Plant Pathology Farm Advisor
University of California Cooperative Extension, Monterey County
1980: M.S., University of California, Davis, Plant Protection & Pest Management
1978: B.S., University of California, Davis, Plant Science/Plant Pathology
What brought you to the UC Cooperative Extension in Monterey County?
My university training focused on plant pathology, so I was interested in a Farm Advisor position that would allow me to work primarily in this field. Monterey County had, and still has, one of the few county-based positions dedicated to plant pathology. Also, I had experience working with cool-season vegetables and strawberries, and hoped to continue to work with these commodities in the Salinas Valley.
How did you learn about the Center for Produce Safety?
Food safety issues have long been a concern for leafy green vegetable growers in central coast California. Because the recent (2006) E. coli outbreak involved spinach grown in our region, I followed the development of industry and university efforts to address these concerns. CPS was one of the collaborative efforts that caught my attention.
So why did you apply for funding from CPS?
With my background in plant pathology, I assembled a county-based laboratory that could assist me in research and education in this field. This laboratory is one of few such UC facilities at the county level in California. When the food safety issues escalated, I believed that my laboratory could be further equipped and expanded to conduct applied field studies involving food safety subjects. I also had the opportunity to team up with campus-based researchers (Trevor Suslow and Linda Harris) who could add to the strength of our research projects. Because of these factors, I wanted to expand my extension program to include food safety issues, and looked to CPS to help fund a project.
CPS recently awarded funding to your project " Examination of the survival and internalization of E.Coli on spinach under field production environments.” What do you think the industry will gain from your research?
I believe our major contribution is the field-oriented research that we conduct. We have the benefit of a very advanced industry that recognizes the value of research and is willing to support and host research. We are therefore able to conduct research under real-world, field conditions. We hope that we and the industry can learn about the dynamics and ecology of enteric bacteria as they occur in the field.
What do you think are the key factors influencing this field of inquiry?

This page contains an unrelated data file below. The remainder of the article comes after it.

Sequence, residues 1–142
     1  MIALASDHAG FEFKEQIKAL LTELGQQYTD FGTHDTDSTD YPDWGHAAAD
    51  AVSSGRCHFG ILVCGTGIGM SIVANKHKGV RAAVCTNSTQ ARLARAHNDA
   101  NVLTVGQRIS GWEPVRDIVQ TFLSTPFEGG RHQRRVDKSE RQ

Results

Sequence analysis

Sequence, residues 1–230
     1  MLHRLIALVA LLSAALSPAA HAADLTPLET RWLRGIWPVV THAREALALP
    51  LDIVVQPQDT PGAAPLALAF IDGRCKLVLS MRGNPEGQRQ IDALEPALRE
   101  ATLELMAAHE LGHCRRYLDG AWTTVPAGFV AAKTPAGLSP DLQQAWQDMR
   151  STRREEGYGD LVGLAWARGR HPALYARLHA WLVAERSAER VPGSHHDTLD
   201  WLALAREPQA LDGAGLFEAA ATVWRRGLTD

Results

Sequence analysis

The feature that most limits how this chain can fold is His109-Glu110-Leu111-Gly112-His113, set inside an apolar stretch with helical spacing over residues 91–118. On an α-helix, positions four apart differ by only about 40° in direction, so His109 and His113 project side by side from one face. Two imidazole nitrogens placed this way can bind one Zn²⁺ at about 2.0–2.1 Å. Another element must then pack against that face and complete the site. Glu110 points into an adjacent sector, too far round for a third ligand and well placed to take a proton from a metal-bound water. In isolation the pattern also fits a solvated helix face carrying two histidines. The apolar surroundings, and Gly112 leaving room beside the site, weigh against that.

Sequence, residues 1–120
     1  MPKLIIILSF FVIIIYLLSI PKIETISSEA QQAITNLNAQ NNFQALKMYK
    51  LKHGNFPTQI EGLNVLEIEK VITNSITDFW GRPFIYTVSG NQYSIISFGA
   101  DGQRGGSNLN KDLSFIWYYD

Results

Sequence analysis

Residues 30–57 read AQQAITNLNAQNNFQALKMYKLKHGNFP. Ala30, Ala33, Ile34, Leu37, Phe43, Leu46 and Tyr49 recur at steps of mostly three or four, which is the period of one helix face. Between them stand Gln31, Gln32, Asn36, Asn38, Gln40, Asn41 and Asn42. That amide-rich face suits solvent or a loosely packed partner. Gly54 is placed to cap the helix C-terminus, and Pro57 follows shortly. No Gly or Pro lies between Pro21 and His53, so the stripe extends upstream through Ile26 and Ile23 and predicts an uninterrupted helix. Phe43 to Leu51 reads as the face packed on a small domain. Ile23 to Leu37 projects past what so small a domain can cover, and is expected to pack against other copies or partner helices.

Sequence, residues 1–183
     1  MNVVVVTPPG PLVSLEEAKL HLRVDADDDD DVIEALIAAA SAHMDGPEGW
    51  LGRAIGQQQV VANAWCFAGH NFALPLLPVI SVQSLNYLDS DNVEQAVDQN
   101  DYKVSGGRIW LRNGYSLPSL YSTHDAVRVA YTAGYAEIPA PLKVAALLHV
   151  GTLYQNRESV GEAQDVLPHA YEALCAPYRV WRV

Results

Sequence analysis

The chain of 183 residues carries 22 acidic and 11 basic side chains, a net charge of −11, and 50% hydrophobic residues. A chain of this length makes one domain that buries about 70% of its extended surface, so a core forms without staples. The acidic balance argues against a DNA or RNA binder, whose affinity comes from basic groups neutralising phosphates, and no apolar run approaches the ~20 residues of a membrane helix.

First is the interest and collaboration between researchers and industry: with great cooperation, we can get a lot done. Also, the continuing advances in technology: there are many tools available now for detecting and working with food borne pathogens and hopefully more tools will be developed. Third, education: research findings need to update the industry and inform consumers.
The big question though is where do you see the field of food safety research ten years down the road?
Food Safety is by no means is a new thing. The issue has existed for a very long time. I feel that in ten years due to continuing research we will still see new tools, better techniques, and improvements in detection and management of foodborne pathogens. We will get better at being more precise in working with such problems, and the industry will continue to improve its food safety systems, though most researchers believe there is no such thing as “zero risk.” I also hope to see more collaboration. We are partnered right now through CPS with the UC Davis team, and the industry in Salinas has encouraged and supported our team. I feel it is a good model, and hope in years to come we can partner with other universities and organizations as we improve food safety.
When you aren’t putting in hours in your field of work, how else do you spend your time?
I work in the laboratory about 10% of the time, because in Extension we are extremely field oriented, whether in the greenhouse or out in growers’ fields. I would say I spend about 40% of the time outdoors not only in spinach fields, but other vegetable crops and strawberries as well. A significant amount of time is spent with growers, either discussing their production concerns or working on their samples submitted for diagnosis. Outside of working, I’m married with two sons (for the first time both are away at college). I enjoy reading and classical music, and I also coach basketball; I like the teaching aspect of coaching at younger levels—middle school/freshman boys or girls.
Finally, what would you consider one or more of your career highlights?
In 2007, I published a book on plant pathology (Koike, S. T., Gladders, P., and Paulus, A. O. 2007. A Color Handbook of Diseases of Vegetables. Manson Publishing. London). It was a huge project, but extremely worth while to put in one place the many things I’ve seen and learned about. The book was intended to be very practical for an applied audience, and I feel we did a very good job, and that the industry uses it. I was also a recipient in 2005 of a research and teaching endowment named after my plant pathology professor and mentor, the late Dr. Joseph M. Ogawa, and a recipient in 2002 of a University of California ANR Distinguished Service Award for Outstanding Research.